The “slow-motionoil spill crisis in the Gulf of Mexico continues to be a major story, but journalists are complaining that BP (the oil company leasing the troubled rig and leading cleanup efforts) and government officials are restricting their efforts to cover the crisis. read more »

Other Related Headlines:
» BP, Coast Guard officers block journalists from filming oil-covered beach (The Huffington Post)
» The Daily Glob—Gulf Oil Spill News (Society of Environmental Journalists)
» Stories on cutting through BP's PR spin (PR Watch)

America Online (AOL) started in May of 1985, gained prominence as a top dial-up internet provider in the 1990s, and by 2002 it had 35 million U.S. subscribers. read more »

Teen pop idols have dominated trending topics on Twitter for months, and the algorithms that put them there are driving the future of headline-writing. Using celebrity keywords are one way to increase a story’s ranking on search engines, and as media outlets migrate to the web, they are changing their headlines accordingly, David Carr writes, for The New York Times. read more »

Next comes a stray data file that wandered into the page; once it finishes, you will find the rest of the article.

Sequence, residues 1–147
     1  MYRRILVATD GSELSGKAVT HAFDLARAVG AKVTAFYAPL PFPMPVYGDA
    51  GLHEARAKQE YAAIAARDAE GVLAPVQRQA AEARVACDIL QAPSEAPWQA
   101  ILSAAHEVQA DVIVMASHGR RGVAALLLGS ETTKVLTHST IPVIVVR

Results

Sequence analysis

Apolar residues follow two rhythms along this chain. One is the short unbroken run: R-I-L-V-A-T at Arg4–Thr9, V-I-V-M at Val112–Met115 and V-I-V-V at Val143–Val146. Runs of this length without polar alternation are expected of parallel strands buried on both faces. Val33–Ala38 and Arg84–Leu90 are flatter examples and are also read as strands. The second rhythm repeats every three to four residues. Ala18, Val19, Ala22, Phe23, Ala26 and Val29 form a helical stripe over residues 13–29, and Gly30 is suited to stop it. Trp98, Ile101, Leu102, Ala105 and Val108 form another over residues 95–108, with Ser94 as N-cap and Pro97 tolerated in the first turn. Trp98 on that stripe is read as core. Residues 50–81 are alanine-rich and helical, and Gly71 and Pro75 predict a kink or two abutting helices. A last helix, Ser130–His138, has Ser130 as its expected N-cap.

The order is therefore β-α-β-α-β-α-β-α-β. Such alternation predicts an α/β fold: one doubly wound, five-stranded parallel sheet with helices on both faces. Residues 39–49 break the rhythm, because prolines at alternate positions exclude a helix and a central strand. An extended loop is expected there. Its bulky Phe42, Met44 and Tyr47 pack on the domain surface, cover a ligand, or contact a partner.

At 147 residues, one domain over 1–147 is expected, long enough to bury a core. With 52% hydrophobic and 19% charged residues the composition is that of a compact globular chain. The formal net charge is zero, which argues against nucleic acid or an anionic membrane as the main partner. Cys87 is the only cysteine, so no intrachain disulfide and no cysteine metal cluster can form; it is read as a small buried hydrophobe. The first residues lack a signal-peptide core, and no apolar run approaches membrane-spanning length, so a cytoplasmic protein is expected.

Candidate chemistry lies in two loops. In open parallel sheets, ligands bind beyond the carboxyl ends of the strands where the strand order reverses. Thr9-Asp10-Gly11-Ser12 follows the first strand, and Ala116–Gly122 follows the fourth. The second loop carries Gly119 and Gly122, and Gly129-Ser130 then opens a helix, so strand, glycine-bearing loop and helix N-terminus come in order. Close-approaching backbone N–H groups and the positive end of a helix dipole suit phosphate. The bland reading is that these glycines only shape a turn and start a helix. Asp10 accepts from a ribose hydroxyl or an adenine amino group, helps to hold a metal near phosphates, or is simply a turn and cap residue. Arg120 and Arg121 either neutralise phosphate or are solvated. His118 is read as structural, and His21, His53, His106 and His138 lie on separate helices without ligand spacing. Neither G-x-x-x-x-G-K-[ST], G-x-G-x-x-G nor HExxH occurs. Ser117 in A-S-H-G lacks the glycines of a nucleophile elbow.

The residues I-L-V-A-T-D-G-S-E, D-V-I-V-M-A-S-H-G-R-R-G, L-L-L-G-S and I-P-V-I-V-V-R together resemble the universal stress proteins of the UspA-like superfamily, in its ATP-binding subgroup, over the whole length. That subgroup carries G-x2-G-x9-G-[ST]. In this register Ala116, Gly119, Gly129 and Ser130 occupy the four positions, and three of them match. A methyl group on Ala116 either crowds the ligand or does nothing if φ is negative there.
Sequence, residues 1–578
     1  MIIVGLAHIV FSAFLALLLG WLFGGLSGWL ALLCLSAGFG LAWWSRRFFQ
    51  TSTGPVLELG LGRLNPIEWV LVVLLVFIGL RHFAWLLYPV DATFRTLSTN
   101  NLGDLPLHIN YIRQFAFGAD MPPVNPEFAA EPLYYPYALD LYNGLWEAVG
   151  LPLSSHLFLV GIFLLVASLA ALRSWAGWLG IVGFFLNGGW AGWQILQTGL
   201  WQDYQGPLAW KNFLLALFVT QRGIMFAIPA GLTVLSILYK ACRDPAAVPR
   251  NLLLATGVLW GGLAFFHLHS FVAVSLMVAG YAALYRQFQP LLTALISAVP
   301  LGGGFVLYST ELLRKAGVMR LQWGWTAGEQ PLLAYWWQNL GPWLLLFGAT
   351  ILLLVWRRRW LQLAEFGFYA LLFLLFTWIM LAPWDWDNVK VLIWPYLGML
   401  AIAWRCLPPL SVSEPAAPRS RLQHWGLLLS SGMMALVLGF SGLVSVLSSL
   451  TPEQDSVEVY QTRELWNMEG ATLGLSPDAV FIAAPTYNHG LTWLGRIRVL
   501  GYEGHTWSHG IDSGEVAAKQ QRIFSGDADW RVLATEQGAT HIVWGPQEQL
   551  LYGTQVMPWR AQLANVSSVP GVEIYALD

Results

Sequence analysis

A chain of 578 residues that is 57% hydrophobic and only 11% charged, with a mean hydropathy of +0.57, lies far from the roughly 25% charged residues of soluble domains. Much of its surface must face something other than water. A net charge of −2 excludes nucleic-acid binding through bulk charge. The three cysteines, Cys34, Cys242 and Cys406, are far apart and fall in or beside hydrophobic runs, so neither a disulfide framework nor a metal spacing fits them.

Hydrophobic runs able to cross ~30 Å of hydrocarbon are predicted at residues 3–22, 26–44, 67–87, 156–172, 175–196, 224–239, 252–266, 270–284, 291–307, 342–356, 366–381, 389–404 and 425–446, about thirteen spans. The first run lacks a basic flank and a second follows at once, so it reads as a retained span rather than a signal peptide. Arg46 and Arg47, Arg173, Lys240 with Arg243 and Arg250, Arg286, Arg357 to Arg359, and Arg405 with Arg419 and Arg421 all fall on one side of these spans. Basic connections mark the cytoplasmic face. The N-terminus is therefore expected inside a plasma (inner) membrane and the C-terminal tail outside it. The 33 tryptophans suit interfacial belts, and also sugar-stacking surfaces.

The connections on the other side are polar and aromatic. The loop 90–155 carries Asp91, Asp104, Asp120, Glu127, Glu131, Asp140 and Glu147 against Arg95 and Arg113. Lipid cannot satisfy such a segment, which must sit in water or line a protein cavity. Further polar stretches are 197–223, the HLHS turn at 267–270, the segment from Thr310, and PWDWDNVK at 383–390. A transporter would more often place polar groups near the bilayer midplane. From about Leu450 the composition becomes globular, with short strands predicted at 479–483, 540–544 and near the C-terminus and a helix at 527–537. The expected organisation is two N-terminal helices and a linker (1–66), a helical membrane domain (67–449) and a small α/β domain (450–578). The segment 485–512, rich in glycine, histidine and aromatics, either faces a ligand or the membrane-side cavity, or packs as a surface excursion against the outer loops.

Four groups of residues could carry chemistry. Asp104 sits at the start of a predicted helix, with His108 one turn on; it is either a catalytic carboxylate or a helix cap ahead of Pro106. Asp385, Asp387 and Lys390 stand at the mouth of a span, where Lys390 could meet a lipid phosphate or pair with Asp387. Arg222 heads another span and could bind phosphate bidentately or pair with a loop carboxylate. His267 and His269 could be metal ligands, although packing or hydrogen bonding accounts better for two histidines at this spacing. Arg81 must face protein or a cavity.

Other Related Headlines:
» VIDEO: Taylor Momsen isn’t wearing pants! (Mediaite)
» Gulf oil spill imperils Justin Bieber (The Washington Post)

Nearly a month has passed since an April 20 oil rig explosion in the Gulf of Mexico, and an estimated 5,000 barrels of oil are still leaking daily. The economic and environmental effects will continue to keep the oil leakage in the news, so we’ve collected several examples of how digital media is being used to report the spill. read more »

The nonprofit whistleblower website WikiLeaks has released classified military footage of a July 2007 U.S. helicopter attack in Baghdad that killed 12 people—including a Reuters photographer and driver—and wounded two children, The New York Times reports. read more »

Other Related Headlines:
» Profile: What is WikiLeaks? (BBC)
» The war on WikiLeaks and why it matters (Salon)